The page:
County, Vidant nix future UNC board picks
By Ginger Livingston
The Daily Reflector
Friday, May 10, 2019
The UNC Board of Governors will no longer be involved in the selections of trustees for Vidant Medical Center’s governing board following action by Pitt County Board of Commissioners.
Commissioners last month unanimously approved five changes to the hospital’s articles of incorporation that give it and the hospital’s Board of Trustees control over who is appointed to that body.
The county had shared the duties with the UNC system’s governing body since the mid-1970s, when Vidant, then Pitt County Memorial Hospital, became the teaching hospital linked to East Carolina University’s Brody School of Medicine.
Board of Governor’s Chairman Harry Smith, a Pitt County resident, said the board was unaware Vidant and the county were making a change. He was not notified until April 24, two days after the commissioners approved the revisions.
“We would have welcomed a conversation about governance. I think it’s a fair conversation to have,” Smith said. “From our side, we are a bit stunned and shocked by the action of Mike Waldrum. To do this in the dark, I don’t think governing boards on that level should operate that way.
“I think the reason we weren’t engaged in the conversation is, if we would have been able to give the board, the commissioners the facts then they would not have supported this action,” Smith said.
Commissioners voted on the revisions on April 22 as part of their consent agenda, which allows them to vote on items without a staff presentation or discussion.
The amendments were brought to the board based on a verbal request from Waldrum, chief executive of the hospital’s parent company, Vidant Health, to Commissioner Beth Ward, the Board of Commissioners chairwoman, said Janis Gallagher, Pitt County attorney. Mary Beth Johnston, Vidant’s attorney, supplied the written amendments, Gallagher said.
The Board of Trustees oversees the finances, management, quality and compliance of Vidant Medical Center along with setting the facility’s strategic direction and mission. The hospital also advocate for the region’s health.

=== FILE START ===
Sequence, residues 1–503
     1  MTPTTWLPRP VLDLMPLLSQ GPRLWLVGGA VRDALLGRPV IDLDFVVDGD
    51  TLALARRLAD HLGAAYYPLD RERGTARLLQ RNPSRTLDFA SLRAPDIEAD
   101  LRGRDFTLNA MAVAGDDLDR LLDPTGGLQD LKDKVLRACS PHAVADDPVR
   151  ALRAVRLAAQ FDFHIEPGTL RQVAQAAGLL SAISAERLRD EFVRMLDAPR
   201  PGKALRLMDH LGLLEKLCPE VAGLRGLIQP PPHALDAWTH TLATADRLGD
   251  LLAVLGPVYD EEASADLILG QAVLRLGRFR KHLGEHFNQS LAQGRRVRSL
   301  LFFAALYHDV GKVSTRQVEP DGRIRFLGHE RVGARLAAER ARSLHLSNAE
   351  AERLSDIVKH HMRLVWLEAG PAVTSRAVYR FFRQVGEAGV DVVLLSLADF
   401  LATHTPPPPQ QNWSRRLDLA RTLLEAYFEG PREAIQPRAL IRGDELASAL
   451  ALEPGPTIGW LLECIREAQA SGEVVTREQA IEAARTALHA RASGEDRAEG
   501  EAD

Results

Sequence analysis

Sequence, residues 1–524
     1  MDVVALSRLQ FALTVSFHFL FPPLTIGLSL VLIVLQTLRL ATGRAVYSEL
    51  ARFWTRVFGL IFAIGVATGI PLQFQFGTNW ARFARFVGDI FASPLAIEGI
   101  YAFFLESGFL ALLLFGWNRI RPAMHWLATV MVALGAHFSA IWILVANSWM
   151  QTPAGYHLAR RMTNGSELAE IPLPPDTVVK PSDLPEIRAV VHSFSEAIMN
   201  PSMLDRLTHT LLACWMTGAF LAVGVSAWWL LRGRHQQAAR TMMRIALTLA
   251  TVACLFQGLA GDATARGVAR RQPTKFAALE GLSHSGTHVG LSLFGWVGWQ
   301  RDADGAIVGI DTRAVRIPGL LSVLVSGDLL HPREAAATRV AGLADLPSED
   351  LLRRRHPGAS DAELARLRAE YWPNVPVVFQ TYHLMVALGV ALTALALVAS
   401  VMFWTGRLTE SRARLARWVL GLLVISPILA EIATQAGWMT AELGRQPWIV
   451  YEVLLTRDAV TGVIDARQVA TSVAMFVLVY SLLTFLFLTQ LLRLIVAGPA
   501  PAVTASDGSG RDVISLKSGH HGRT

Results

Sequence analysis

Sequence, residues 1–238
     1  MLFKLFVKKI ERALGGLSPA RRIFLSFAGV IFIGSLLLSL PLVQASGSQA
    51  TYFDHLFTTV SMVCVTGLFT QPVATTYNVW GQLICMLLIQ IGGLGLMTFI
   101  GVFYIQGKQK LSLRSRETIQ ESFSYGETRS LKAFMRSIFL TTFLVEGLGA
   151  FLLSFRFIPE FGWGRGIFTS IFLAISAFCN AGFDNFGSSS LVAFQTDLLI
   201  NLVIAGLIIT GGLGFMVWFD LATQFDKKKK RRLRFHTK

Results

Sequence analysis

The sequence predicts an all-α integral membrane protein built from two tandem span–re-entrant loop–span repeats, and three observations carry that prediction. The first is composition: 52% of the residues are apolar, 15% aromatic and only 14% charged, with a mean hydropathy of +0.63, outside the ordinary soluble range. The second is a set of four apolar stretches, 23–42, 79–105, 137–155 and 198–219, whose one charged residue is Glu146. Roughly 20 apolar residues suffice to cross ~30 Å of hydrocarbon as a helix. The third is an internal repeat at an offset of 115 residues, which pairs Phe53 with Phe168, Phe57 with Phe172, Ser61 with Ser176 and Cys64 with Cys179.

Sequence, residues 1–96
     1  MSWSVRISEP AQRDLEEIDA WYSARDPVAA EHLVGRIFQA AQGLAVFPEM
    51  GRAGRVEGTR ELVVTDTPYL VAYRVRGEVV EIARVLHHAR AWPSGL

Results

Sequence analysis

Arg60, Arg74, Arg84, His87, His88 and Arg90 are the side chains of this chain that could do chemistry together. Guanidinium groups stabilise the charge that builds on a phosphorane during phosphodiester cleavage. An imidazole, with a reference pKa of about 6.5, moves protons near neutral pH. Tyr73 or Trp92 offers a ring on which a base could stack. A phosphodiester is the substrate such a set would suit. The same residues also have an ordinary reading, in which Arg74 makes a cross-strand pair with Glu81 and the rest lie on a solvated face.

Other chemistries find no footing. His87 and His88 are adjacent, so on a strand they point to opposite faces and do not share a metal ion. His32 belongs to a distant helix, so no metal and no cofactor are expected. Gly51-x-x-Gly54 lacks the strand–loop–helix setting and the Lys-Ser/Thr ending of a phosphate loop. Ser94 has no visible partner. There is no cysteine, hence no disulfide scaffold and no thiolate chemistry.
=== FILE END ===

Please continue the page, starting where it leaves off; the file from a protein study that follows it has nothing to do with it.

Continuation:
Under the new rules, the hospital’s board of trustees will consist of 20 members. Eleven, or 55 percent of the members, will be appointed by the Board of Commissioners. The remaining nine, or 45 percent, will be appointed by the Board of Trustees and selected from a slate of candidates nominated by the Board of Directors of University Health Systems of Eastern Carolina, now known as Vidant Health. Of the nine members, two will live outside Pitt County and two shall be “leadership positions” at East Carolina University. Among the commissioners’ appointees must be a doctor who lives in Pitt County and who is an active member of the hospital’s medical staff.
The Pitt County Board of Commissioners has the majority of appointments because the county owned the hospital but turned its governance over to the not-for-profit in 1998.
The change strips the UNC Board of Governors of any role in selecting the hospital’s governing board.
Amended articles of incorporation filed with the Secretary of State’s office on Feb. 10, 1976, are the first to give UNC’s governing body a role in selecting the hospital’s trustees. At that time, the hospital board had 35 seats and the UNC board nominated 14 members, with the county commissioners giving final approval.
Waldrum declined an interview request but provided a written comment. It did not address why the change was requested.
“The Vidant Medical Center board is responsible for making important health care decisions on behalf of the people of eastern North Carolina,” he said. “Importantly, every member of the Pitt County commissioners, Vidant Medical Center board and the Vidant Health Board agreed to change how we appoint board members through the appropriate and formal process.”
Waldrum’s statement said the new structure strengthens its relationship with ECU by ensuring two members must be leaders at the university.
Smith said while he doesn’t know why Waldrum pursued the change in the governance structure, but it followed a dispute that arose over several upcoming appointments the Board was Governors was suppose to make.
Smith said Vidant recommended several individuals.
“We communicated with them and told them we had people we were looking at that were outside of their picks,” Smith said. “We were in the process of looking at the skillsets that we felt like we needed, because those are our picks and our picks are to protect the Brody School of Medicine.”
Smith said Vidant was “putting a lot of pressure on to get the picks they wanted.”
“From my personal perspective, he was concerned about us making picks that were not the picks he personally wanted,” Smith said. “I could be wrong about that, but I am not the only one who feels that way. But I could be wrong about that. At the end of the day those are our picks and that’s why we have them.”
The existing UNC appointees will remain on the board until their terms expire.
“We are confident these decisions are in the best interest of the communities we are proud to serve and support our mission to improve the health and well-being of eastern North Carolina,” Waldrum’s statement said. “We are confident the Pitt County commissioners and the Vidant Medical Center board will appoint the right people who care deeply about this region.”
Contact Ginger Livingston at firstname.lastname@example.org or 252-329-9570.